This artist envisions an educational and art center devoted to ending worldwide genocides, and he wants to build it in Asheville
The Genos Center is the brainchild of artist, photographer, inventor Doug Busch
This story sponsored by Citizens Fuel Co., a family-owned Asheville company.
Asheville could be home to a $30 million art and educational center devoted to ending worldwide genocides, says the California-based artist who conceptualized the center.
Doug Busch, a photographer, architectural designer, inventor and philanthropist, told told me during a recent phone conversation that he’s planning a visit next month to assess whether there’s community support for the Genos Center.
The project, which includes a multicultural art gallery, non-denominational chapel and gardens, requires a 10-acre site. Fundraising has begun, with Busch and the Genos Center Foundation agreeing to an initial $1 million commitment. The organization plans to donate the finished center, as well as an endowment, to an institution, foundation or city. The endowment would go to pay for maintenance, staffing, taxes, maintaining evolving exhibitions and the gardens.
Busch, who told me he’s visited Western North Carolina and has family in Lake Lure, says Asheville’s progressive community, climate and tourism all work in the city’s favor.
“Asheville just seemed like the perfect community for this,” he says.
Busch has a 50-year career as a photographer, artist, architectural designer and inventor.
He graduated from the University of Illinois in 1973 and moved to California, where he worked as an assistant to photographers Morley Baer and Al Weber. He also helped photographer Ansel Adams, wash prints for his Portfolio VI. Busch became known for using (and building) what he calls the world’s largest portable view cameras to produce large photographic contact prints. His work is part of collections at the J. Paul Getty Museum, the Smithsonian Institution, the Los Angeles County Museum of Art and the Museum of Photographic Arts in San Diego, Calif. He went on to help aspiring photographers by offering grants through his No-Strings Foundation.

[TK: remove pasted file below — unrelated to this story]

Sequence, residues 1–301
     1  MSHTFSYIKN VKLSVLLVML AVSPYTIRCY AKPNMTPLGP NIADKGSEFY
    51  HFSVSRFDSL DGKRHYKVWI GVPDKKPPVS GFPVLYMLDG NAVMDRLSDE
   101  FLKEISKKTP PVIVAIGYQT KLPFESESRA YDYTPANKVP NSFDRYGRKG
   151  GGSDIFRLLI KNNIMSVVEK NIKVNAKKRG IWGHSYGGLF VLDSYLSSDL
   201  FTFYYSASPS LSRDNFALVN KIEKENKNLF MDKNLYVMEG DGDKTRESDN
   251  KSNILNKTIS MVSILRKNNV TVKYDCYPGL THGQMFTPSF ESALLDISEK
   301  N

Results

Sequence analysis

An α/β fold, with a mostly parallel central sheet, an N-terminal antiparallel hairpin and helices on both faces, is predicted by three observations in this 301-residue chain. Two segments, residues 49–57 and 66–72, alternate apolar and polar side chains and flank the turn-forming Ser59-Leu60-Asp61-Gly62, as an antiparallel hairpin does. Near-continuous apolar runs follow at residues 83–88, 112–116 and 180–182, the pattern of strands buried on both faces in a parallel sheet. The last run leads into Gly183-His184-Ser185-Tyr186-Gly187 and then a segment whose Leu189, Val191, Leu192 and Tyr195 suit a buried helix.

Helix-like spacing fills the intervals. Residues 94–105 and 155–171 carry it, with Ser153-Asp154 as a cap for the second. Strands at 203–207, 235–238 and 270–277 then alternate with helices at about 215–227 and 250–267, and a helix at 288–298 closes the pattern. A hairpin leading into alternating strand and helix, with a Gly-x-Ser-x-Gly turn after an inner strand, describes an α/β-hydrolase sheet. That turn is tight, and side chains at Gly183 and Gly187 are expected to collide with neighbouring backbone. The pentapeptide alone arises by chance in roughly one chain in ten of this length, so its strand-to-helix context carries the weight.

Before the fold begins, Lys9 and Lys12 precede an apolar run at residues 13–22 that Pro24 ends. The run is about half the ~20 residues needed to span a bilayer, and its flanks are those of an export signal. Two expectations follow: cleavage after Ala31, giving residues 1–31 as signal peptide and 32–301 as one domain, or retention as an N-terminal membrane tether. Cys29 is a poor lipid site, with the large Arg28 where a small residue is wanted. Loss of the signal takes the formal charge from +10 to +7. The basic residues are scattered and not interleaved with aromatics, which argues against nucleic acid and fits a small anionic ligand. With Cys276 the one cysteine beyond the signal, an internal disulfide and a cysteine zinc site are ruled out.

Busch has also been interested in sustainable architectural work and drought-tolerant landscape designs, which led to work throughout California. He launched a company devoted to building homes for people who suffer from environmental allergies.
Now Busch is focusing his energy on the Genos Center, which he says he first envisioned more than 15 years ago. He says he wants to raise awareness of worldwide genocides, and promote healing in the aftermath of tragedy that he considers overlooked.
“What you don’t know, you fear. So how do you stop it? You bring it into the light. I’m saying ‘here is the light,’ and I want to help people look at things in a new way,” Busch says.
That can all be done through the visceral experiences that art and contemplative spaces can inspire, Busch adds. Different international curators would bring their own unique visions to shed light on atrocities, all with the goal of dispelling hate and ignorance, he says.
A building with an industrial interior that could be molded to house a variety of installations would be home to the multicultural art gallery, Busch says. Visitors would cross over a water feature - “water is cleansing,” he notes - to enter a nondenominational chapel where they could “sit and absorb and take what they need” from what they’ve encountered, he says. From there, visitors could walk to a sunken garden that serves as a community gathering space.
Is it an ambitious undertaking? Yes, says Busch. “But you have to start somewhere.
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